Washington: After a series of successful flight tests in New Mexico last week, a version of the Joint Tactical Radio System could be back in the Army’s arsenal as soon as next fiscal year.
An airborne version of the Lockheed Martin-built radio, known as Airborne/Maritime Fixed JTRS, flew several test flights aboard the Army’s newest Apache attack helicopter last week. The tests coincided with the service’s ongoing Network Integration Experiment at White Sands Missile Range. The AMF-equipped Apache flew one of its six operational “vignettes” as part of the NIE, Mark Norris, Lockheed’s vice president for AMF JTRS, said. The other five were conducted by company officials, he said.
Program officials put the AMF through its paces during the drills. The first two tests looked at the radio’s effective range and ability to connect with ground units, said Doug Booth, director of business development for the system. The next three exercises examined how fast the radio could reconnect with ground units after a signal loss, as well as the system’s ability to transmit imagery from the Apache’s on-board camera. The final test, with the Army, looked at how AMF performed within the the service’s network. Without going into operational specifics, Booth said the radio passed all six tests “with flying colors.”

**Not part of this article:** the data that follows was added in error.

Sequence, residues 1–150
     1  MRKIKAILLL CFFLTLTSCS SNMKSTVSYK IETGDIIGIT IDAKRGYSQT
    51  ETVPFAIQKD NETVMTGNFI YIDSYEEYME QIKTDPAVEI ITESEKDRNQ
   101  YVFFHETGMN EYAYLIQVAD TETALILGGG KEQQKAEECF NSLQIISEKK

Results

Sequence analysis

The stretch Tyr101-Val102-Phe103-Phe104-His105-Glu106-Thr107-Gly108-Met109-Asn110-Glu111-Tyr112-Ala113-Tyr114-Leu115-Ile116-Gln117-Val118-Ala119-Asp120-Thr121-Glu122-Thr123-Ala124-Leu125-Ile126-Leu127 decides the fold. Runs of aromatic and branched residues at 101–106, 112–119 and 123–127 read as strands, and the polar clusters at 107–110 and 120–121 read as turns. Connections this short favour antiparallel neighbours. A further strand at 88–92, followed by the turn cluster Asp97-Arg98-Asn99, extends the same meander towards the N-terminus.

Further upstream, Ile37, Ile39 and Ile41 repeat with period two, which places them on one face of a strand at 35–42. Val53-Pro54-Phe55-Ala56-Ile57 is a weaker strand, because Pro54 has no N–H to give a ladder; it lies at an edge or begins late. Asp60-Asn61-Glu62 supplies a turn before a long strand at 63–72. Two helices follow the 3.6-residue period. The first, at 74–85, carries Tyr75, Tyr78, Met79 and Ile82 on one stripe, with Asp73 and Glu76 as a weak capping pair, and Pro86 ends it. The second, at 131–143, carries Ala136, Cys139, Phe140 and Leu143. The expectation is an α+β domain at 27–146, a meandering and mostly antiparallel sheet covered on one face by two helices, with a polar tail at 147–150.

Service officials will decide whether to move AMF into initial production in early fiscal year 2013.
That decision will coincide with service plans to replace the handheld version of JTRS known as the Ground Mobile Radio. Excessive costs and schedule delays prompted the cancellation of that Boeing-built JTRS variant in October. Lackluster performances at past NIEs helped seal the program’s fate, Army acquisition chief Heidi Shyu said at the Association of U.S. Army’s annual conference that month.
Overall success of AMF aside, there are a few things the Lockheed team still has to work out on the program. Getting the radio to work flawlessly with both the Apache and the Army communications network is one of those challenges, noted Alex Moore, AMF business development lead for Lockheed. “Integration is going to be a big piece . . .and we are just trying to take it one step at a time,” he said. During the imagery tests there was some difficulty between the Apache and AMF with collecting the images, he said. But once the data was moved into the Army network, the data moved “seamlessly”, Moore added. That issue among others were just “small pieces that [we] have to work through,” Booth said.
Just getting the AMF-equipped Apache ready for live-flight tests was a significant achievement on its own, Norris explained. Lockheed officials outfitted the helicopter with AMF, synced up the radio with the helicopter’s own communications systems and got it flying in a matter of weeks. “I would challenge anybody to do that,” he said.